That Little Hop At The EndPosted: December 23, 2011
I have a CD that starts with Lou Reed playing the introduction of one of his better known songs, Sweet Jane. He plays the bit of music as a bit of self-deprecating humor to show new bands how to build a career (as, in his words, he did) around three chords. He then reveals that the three chord introduction to Sweet Jane actually contains a subtle fourth chord and follows it by pointing out that “like a lot of other things in life, it’s that little hop at the end.”
I like the idea of “the little hop at the end”. To me, it gives a name to that little something extra that we all give to make something a special effort. I try to make it a point to thank people who give a hop, but this week I was thwarted in my efforts.
Remember Three Days Ago, I Was In The Hospital?
On Tuesday I had some pretty significant surgery on my neck and spine. I had a lot of confidence in the surgeon and, as it turns out, I’m a pretty good judge of surgeons. Things went very well. I’m home and recuperating, the problem seems resolved.
I was nervous when I arrived at the hospital. The check in process didn’t really help. Stripping down and putting on the hospital gown is another big step. I knew they were serious about something happening when they stopped letting me walk around, they had me lay on a gurney and rolled me from one place to another. Soon I found myself in the holding area, the last stop before the operating room.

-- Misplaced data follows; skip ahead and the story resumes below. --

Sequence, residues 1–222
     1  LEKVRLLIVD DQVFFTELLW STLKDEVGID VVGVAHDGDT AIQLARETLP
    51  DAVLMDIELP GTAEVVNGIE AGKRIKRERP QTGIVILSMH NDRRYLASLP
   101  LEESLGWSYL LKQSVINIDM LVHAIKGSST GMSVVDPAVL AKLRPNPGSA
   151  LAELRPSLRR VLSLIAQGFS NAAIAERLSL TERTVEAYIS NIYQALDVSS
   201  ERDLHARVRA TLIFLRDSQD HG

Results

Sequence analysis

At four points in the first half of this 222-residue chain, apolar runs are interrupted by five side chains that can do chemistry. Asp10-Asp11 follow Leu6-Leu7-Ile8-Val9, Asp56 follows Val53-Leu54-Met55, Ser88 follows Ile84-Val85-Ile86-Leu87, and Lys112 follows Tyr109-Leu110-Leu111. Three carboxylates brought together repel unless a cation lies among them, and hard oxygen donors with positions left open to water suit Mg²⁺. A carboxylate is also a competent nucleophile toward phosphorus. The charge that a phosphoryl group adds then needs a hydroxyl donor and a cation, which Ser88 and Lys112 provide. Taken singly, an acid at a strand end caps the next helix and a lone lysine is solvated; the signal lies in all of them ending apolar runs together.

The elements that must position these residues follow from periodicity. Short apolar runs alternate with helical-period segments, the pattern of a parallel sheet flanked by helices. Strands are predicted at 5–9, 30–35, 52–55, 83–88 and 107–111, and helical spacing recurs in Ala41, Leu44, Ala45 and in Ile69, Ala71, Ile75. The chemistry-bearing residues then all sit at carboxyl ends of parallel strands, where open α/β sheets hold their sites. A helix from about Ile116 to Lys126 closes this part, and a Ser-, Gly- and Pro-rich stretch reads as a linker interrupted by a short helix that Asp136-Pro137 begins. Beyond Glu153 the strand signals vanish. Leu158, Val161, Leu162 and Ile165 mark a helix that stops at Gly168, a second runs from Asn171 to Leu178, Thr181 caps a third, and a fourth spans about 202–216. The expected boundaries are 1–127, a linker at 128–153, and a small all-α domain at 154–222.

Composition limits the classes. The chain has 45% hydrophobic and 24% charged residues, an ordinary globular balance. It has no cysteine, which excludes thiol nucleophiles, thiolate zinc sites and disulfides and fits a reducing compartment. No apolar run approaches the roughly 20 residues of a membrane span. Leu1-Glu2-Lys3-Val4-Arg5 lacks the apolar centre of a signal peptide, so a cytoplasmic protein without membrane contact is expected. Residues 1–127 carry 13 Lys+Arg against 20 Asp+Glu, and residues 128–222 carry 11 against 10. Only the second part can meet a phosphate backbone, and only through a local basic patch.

There I was, in a hospital gown and a hair net, lying on a stretcher deep in the hospital. Everyone who was going to be in the operating room started coming by to visit me. I met the nurses, I met two women who would be monitoring my nervous system, I met the anesthesiologist. My surgeon stopped by and told me a joke, I told him one back. It was all fairly reassuring. And then the anesthetist came by. She didn’t say as much, but I think she knew about the hop.
I Forgot My Manners, But It Was Her Fault
This anesthetist spoke to me about how they were going to put and keep me asleep. I paid attention because that is kind of important and she told me a lot more than the anesthesiologist did. We chatted a bit and then she gave the little hop – “I’m going to take good care of you”. Everyone else had been very kind, but no one had been so reassuring. I thought about thanking her for that, but she then she changed subjects and I figured I ought to pay attention.
“I’m going to put something in your IV, it’s going to feel like you had a glass of wine or beer. It’s just to relax you. We’ll take you into the operating room and I’ll tell you more about what I’m going to do when we are there.” I was pretty attentive to that message, then she put her magic juice into my IV. I was going to thank her for her reassurance, but the magic juice went into my arms and I said, “oh, I feel that, that’s a lot of beer.” She laughed and said, “oh is it?” That was the last thing I remember before the recovery room.
I woke up in the recovery room a couple hours later. A lot of people took great care of me. I was sure to thank all of them. I got to thank all but one.
For what it’s worth, Dear Anesthetist, thank you for your concern. It was that last little reassurance I needed to get me into the operating room with confidence. It was the little hop at the end.
But you’ve got to know, that was a lot more than one beer.